Hospitals and health care providers around the world are facing a massive challenge. The COVID-19 crisis has put acute pressure on hospitals, and especially Intensive Care departments. These have been difficult weeks and months for the doctors and nurses who’ve had to cancel or postpone other operations and care, to be able to devote themselves completely to the first or second wave of COVID-19 patients.
It might be a while longer, but the acute crisis will fortunately pass. Once enough people have had the virus or a working vaccine presents itself, the Intensive Care wards will probably grow quiet again. However, that doesn’t mean hospitals will be out of the woods. The demographic changes will accelerate the coming decades. People are living longer and older people are at greater risk of chronic diseases. Meanwhile, as the number of elderly people rises, the percentage of working professionals dwindles, leaving fewer and fewer caregivers. The graph below shows the expected rise of chronic diseases between 2015 and 2040 in the Netherlands – but you might expect a similar development in most industrialized European nations. From left to right, the columns represent dementia, heart failure, cancer, asthma, strokes, COPD, coronary heart disease, diabetes, neck and back complaints, and arthrosis.
Prognosis of the rise of chronic diseases in the Netherlands, 2015-2040
A logical consequence of this explosive rise in health care demand is a parallel rise in the costs of health care. It is estimated the costs will double by 2040 relative to 2015. Of course there might be some expansions in the capacity and funding of hospitals, but everyone can read the writing on the wall: only a major strategic transformation can prevent that waiting times and towering workloads become the everyday reality of hospitals. Digitalization and decentralization will have to play a major role in that strategic transformation: care will increasingly lean on e-consults, video calls, apps, self-diagnostics, robots, and so on.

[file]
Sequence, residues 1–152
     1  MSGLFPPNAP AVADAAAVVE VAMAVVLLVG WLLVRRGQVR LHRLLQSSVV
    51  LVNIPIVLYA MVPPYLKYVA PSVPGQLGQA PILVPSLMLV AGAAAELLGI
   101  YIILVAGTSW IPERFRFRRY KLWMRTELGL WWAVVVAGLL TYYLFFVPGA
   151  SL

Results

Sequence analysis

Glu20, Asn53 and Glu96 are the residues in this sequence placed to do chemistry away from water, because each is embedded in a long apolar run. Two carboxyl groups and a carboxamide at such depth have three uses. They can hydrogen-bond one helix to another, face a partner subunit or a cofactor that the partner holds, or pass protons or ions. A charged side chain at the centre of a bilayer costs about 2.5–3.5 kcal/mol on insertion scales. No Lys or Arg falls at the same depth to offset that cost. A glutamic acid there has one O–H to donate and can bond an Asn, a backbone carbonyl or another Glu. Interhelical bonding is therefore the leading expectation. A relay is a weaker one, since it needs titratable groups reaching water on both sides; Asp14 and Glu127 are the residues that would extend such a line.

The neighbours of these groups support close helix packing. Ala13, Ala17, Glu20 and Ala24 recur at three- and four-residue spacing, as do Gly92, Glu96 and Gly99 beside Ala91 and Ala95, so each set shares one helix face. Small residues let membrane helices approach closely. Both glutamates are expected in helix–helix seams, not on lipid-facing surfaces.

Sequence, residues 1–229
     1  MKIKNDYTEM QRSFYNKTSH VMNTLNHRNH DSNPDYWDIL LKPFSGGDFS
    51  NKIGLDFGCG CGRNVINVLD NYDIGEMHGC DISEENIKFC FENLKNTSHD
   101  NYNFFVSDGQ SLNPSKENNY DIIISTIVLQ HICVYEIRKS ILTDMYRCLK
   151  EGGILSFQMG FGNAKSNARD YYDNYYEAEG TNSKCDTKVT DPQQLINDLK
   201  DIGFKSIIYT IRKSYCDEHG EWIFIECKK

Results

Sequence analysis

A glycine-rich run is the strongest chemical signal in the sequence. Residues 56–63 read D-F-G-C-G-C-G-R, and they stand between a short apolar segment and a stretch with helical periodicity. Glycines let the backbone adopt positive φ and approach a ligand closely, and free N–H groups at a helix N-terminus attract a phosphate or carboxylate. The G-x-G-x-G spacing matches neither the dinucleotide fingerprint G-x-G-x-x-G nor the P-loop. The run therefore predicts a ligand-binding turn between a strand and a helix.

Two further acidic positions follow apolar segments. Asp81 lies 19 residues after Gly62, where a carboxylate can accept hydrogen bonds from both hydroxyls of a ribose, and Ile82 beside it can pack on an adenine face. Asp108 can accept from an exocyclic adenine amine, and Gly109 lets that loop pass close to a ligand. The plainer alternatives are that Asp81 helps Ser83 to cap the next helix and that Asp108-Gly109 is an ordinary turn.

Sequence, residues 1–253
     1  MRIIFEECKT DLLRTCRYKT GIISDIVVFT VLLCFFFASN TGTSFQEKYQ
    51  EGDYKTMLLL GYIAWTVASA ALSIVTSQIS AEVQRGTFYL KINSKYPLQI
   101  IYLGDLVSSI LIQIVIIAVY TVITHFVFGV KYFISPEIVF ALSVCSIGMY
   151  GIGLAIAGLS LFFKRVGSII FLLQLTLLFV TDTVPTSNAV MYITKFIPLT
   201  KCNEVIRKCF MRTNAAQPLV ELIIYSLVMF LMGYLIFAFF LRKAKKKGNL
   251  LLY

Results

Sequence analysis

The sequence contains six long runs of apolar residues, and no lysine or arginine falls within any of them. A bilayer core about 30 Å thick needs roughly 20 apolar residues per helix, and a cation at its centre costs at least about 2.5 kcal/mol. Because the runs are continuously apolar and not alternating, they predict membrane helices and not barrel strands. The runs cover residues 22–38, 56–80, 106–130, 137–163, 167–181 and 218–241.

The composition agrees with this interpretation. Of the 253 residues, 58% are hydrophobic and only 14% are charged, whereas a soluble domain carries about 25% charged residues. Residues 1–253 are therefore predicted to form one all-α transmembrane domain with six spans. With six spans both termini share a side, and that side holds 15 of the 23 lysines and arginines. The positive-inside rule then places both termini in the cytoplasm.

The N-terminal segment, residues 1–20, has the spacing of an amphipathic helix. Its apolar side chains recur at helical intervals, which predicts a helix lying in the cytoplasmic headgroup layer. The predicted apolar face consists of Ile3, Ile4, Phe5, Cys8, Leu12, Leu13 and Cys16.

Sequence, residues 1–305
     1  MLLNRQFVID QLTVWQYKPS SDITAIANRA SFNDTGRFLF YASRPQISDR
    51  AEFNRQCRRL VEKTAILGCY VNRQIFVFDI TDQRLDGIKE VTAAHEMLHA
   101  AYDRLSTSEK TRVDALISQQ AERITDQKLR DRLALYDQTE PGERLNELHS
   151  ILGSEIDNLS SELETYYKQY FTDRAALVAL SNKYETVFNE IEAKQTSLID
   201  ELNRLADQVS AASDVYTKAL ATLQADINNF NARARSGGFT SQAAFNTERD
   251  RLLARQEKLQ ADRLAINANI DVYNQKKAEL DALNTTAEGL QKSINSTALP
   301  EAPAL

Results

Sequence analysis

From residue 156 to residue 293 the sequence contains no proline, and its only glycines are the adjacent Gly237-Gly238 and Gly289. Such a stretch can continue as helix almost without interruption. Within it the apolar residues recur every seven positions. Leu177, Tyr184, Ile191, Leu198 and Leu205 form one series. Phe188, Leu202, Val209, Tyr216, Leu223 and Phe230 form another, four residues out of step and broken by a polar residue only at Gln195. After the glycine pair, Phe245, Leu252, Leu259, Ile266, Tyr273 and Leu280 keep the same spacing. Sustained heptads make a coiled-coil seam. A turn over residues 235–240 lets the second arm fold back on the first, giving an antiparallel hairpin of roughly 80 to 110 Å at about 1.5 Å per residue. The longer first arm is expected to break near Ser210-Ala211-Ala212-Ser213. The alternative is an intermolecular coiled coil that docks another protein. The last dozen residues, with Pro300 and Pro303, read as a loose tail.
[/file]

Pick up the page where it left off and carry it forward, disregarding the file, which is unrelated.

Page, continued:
Major strategic transformations are not easy: they demand a lot of time and attention, while hospital staff and management are often fully absorbed by their everyday work. Change projects often fail. I recently spoke a manager at a hospital who told me some 50% of their change projects hadn’t yielded the desired result, while the other 50% never even got properly underway.
We always advise to use Agile OGSM as a strategic framework, so you can constantly monitor your performance and translate your long-term goals into everyday actions that you can realize in the short term. But when you work at a complex organization with many KPIs and a high daily workload, like a hospital, a purely incremental approach falls short. Then it might be worthwhile to design two OGSM plans, with a strict separation between the everyday operational ‘running’ of the organization on the one hand, and the change projects on the other.
This way, you can monitor the strategic transformation of your organization specifically in the change OGSM. By giving staff ownership of individual components of the change program – and allowing some time for that ownership in their work schedule – you can ensure that people feel and take responsibility for the long term, and not just for solving everyday problems. That way, hospitals can use Agile OGSM to realize a complex transformation, and we can keep health care affordable and accessible for everyone.
OGSM software™ is a flexible and simple cloud-based software for strategic execution. Hospitals and other care providers around the world are using it today to get and keep their strategic change projects under control. Interested in a demo, more information or a testimonial from one of our clients in the health care sector? Send us an e-mail at email@example.com and we'll get in touch with you right away.
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